Crystal Head is so named for its container, which in turn is modeled after the 13 crystal skulls that have been found around the world, carved by seemingly impossible means that have led many to suspect their origin is extra-terrestrial. Canadian-born actor and comedian Dan Aykroyd turns out to be as much into the paranormal as Dr. Stantz and has chosen to dedicate a vodka to the mystery of the crystal skulls. According to the website, the bottle came first, and the decision to put something in it apparently came later. Vodka was chosen I believe because it is clear, or perhaps because of its "purity." (There used to be videos of Aykroyd explaining all of these decisions, but lately the site design is far more sparse.) The water for this spirit came from glaciers in Newfoundland, Canada. The vodka is quadruple distilled and then filtered through Herkimer diamonds, a process which, while interesting and quite beautiful in a poetic way, seems to have accomplished nothing whatever. The website implies that your vodka may be haunted. It is also supposed to be lacking in glycol, citrus oil, and sugar. (Which I guess make it into other vodkas?)
Now, the verdict. It has been a while since I last tried any of this vodka, but I did have a bottle of my own. Even as a relative novice, I realized the first time I tried Snow Queen that it was smoother for a cheaper price and had more of the "sweet cream" flavor that Aykroyd claimed was in Crystal Head. Snow Queen did become my favorite vodka, but still... With Crystal Head, you're really paying for the cool bottle, Dan Aykroyd's name, and the chance that he'll sign your bottle with his name one day. When it first came out, he did tours across America, but unfortunately I never made any of them.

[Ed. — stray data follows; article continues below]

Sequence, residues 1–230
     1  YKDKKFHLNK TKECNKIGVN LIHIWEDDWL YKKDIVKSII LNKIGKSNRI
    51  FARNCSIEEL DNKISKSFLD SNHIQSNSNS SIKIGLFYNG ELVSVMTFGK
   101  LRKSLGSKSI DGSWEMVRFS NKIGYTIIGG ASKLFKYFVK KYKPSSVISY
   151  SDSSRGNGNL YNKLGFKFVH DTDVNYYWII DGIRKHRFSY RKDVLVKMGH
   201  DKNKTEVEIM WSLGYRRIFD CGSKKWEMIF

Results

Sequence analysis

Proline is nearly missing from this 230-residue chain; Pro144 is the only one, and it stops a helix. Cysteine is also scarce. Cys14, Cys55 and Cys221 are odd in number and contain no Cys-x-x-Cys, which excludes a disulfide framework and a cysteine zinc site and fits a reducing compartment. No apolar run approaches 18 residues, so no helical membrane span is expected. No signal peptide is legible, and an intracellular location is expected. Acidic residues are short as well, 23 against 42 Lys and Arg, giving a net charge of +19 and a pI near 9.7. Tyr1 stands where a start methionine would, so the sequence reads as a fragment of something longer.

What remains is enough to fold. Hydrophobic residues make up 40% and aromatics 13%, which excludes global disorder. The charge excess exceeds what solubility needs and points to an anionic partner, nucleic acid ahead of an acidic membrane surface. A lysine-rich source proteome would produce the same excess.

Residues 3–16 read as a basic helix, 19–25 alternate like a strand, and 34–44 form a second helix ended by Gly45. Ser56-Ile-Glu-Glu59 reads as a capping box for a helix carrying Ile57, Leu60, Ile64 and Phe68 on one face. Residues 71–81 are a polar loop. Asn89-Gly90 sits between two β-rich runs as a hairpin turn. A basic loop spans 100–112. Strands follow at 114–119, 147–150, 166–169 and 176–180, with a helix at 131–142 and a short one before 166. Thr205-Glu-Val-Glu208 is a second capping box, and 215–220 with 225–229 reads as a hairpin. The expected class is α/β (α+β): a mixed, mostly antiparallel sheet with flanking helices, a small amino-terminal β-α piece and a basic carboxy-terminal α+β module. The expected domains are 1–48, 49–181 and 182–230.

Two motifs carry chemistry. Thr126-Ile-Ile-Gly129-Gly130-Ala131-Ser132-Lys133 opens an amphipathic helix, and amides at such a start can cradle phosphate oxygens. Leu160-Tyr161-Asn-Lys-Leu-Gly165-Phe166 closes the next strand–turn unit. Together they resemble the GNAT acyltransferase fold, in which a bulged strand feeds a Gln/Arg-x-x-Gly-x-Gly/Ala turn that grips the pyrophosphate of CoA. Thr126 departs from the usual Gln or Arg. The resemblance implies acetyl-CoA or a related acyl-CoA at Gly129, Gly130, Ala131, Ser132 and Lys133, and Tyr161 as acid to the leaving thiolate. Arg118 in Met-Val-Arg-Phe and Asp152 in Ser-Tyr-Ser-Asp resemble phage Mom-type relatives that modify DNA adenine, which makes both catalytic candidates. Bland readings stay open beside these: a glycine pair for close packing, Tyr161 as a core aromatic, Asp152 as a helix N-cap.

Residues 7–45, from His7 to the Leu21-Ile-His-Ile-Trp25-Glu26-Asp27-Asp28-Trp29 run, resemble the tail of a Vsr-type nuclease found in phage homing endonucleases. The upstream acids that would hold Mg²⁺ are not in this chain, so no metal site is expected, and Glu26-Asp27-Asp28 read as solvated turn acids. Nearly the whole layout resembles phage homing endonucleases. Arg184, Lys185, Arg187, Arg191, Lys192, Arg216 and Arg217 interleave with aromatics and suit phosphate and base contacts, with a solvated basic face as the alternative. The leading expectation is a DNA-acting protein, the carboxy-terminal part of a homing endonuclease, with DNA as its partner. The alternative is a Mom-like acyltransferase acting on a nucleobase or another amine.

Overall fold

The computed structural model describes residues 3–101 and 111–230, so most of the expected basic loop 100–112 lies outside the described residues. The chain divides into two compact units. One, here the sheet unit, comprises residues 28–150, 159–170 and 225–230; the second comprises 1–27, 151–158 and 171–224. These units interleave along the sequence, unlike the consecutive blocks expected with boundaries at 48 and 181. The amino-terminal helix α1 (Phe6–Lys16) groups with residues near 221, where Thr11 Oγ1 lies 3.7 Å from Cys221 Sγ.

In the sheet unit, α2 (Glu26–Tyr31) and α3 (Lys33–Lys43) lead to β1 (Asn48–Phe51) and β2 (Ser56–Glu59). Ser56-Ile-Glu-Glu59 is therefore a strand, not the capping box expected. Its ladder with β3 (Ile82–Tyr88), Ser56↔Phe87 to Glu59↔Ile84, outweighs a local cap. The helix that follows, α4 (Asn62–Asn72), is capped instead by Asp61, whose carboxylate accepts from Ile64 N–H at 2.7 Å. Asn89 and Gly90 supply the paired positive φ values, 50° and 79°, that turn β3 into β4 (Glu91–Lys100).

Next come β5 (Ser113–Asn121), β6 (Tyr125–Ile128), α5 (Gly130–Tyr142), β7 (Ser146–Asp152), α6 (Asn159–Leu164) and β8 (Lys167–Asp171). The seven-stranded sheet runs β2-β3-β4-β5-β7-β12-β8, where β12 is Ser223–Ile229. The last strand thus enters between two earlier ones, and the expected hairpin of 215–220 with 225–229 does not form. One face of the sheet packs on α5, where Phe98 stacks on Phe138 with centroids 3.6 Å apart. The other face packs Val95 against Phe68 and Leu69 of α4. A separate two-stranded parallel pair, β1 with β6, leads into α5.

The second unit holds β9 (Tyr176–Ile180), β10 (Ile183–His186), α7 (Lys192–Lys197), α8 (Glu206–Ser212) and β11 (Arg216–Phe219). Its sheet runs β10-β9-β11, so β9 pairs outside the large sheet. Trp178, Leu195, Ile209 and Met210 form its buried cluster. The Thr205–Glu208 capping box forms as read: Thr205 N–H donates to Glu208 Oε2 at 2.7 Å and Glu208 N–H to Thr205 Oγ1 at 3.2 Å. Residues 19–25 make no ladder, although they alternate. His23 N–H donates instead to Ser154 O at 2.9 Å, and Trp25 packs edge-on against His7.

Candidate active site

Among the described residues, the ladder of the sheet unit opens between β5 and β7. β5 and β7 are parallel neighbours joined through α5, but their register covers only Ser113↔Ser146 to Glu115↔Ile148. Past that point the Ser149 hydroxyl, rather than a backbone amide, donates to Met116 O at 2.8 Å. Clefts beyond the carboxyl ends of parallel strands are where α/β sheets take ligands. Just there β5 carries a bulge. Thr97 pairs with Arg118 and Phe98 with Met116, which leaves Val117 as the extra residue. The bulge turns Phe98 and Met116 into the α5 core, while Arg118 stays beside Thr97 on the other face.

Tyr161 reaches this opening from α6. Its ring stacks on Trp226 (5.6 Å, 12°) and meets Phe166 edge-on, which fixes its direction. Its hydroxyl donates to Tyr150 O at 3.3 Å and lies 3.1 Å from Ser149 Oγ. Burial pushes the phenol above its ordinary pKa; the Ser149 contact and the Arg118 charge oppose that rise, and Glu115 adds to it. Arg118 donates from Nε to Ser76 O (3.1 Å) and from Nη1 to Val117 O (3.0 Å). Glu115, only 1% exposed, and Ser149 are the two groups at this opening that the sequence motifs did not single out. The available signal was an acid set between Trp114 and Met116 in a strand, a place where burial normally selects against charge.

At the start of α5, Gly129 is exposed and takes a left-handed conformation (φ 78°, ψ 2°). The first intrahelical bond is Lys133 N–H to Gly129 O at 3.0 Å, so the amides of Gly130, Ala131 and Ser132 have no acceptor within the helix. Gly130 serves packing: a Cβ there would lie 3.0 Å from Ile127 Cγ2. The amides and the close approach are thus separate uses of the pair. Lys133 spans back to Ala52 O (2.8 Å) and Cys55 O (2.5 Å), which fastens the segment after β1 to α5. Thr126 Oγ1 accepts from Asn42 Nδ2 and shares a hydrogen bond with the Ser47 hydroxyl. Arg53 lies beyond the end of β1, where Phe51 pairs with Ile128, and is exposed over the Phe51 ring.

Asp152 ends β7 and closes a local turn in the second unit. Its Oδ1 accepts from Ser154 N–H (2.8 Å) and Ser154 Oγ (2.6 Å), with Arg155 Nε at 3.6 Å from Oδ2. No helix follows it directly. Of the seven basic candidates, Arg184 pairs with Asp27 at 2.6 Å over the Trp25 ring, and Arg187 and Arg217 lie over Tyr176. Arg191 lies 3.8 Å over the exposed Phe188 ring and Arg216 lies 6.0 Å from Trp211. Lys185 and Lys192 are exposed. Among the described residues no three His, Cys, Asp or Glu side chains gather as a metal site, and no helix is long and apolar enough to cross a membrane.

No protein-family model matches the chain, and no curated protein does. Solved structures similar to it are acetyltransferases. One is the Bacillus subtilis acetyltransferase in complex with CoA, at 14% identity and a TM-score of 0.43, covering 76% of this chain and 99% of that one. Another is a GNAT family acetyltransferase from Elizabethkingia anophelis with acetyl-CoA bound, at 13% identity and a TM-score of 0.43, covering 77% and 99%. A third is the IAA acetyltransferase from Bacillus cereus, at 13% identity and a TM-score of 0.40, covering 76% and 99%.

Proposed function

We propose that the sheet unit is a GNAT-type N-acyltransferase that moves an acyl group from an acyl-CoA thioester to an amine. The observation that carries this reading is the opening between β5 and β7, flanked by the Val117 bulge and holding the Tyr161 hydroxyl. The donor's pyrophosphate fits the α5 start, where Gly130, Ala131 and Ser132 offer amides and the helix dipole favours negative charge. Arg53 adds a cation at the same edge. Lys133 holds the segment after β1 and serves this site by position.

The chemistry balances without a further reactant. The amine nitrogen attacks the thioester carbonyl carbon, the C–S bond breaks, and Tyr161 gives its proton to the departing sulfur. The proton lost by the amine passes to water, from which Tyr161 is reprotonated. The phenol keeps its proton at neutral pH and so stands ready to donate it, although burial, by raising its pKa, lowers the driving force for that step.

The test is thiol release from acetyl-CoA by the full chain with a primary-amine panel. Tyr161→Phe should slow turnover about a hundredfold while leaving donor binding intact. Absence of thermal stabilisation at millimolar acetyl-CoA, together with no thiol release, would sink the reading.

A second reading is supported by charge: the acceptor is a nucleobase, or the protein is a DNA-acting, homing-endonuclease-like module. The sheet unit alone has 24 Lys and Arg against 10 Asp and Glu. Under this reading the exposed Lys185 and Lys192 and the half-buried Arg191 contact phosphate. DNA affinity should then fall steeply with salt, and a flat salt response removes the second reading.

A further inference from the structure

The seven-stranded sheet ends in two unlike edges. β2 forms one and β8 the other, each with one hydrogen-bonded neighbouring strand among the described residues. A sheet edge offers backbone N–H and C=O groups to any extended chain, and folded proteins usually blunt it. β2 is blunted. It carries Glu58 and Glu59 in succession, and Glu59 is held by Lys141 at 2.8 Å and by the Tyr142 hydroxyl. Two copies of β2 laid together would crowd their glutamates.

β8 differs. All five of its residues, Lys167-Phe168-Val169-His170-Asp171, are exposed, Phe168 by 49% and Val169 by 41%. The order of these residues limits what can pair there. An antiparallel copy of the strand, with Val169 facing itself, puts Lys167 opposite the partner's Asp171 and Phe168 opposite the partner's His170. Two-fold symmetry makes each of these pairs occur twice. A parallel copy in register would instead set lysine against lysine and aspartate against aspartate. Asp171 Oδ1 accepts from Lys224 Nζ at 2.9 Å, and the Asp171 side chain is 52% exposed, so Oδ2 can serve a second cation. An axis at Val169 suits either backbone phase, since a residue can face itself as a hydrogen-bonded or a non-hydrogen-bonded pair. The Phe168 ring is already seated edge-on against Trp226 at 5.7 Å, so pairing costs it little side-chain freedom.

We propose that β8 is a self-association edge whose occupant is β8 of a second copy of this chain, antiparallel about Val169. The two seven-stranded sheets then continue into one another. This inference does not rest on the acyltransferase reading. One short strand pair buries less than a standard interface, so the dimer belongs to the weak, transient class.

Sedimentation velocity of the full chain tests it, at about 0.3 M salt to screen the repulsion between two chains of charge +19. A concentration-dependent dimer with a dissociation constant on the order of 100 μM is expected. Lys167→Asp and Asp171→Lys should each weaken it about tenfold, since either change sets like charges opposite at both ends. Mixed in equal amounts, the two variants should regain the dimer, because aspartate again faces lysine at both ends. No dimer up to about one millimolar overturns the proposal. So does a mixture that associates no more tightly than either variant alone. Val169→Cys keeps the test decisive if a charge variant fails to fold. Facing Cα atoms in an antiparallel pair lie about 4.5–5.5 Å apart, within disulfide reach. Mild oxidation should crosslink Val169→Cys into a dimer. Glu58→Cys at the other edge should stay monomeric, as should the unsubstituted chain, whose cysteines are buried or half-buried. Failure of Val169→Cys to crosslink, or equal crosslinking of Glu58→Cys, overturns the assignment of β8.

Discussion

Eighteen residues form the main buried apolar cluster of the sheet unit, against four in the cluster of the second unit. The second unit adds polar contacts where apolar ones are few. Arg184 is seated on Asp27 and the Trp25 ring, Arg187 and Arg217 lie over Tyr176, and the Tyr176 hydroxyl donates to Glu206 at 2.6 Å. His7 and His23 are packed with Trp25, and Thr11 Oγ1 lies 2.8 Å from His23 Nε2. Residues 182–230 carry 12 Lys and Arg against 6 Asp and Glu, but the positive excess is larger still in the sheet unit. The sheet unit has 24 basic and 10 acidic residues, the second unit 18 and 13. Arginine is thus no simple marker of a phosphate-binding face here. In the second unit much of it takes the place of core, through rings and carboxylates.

To clarify, it isn't a bad vodka. But if you've tried Snow Queen, Grey Goose, Ketel One, Hangar One, or probably any of a larger number of vodkas I haven't personally tried, you'll find them smoother and more complex than Crystal Head. But if you're like me and you collect skulls in every medium, then you need to get at least one of these.
Akroyd is huge into the paranormal, and filtering the vodka through the crystals is supposed to charge it with positive energy. Also, only one of the four skulls (not thirteen) that have been presented for study seems to have been "impossible" - the Mitchell-Hedges skull - that turns out to not have been very impossible once specialist laboratories got involved. The owner, who claims to have found it under a Mayan altar in Belize and to have been told by the Mayans that it was a death totem, withdrew it from testing once details of metal tools being used came out.
Much appreciated illumination on two topics worthy of much research. I leave it to you to follow those threads to their end, my friends.